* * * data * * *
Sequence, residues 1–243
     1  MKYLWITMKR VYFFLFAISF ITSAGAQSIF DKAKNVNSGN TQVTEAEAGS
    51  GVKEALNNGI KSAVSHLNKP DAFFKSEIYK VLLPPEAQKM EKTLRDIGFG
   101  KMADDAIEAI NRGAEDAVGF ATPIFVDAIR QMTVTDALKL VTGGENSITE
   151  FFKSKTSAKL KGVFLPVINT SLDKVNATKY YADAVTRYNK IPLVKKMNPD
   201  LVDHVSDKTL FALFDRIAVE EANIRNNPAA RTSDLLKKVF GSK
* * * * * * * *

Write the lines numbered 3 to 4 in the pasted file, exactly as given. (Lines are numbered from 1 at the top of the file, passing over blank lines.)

    51  GVKEALNNGI KSAVSHLNKP DAFFKSEIYK VLLPPEAQKM EKTLRDIGFG
   101  KMADDAIEAI NRGAEDAVGF ATPIFVDAIR QMTVTDALKL VTGGENSITE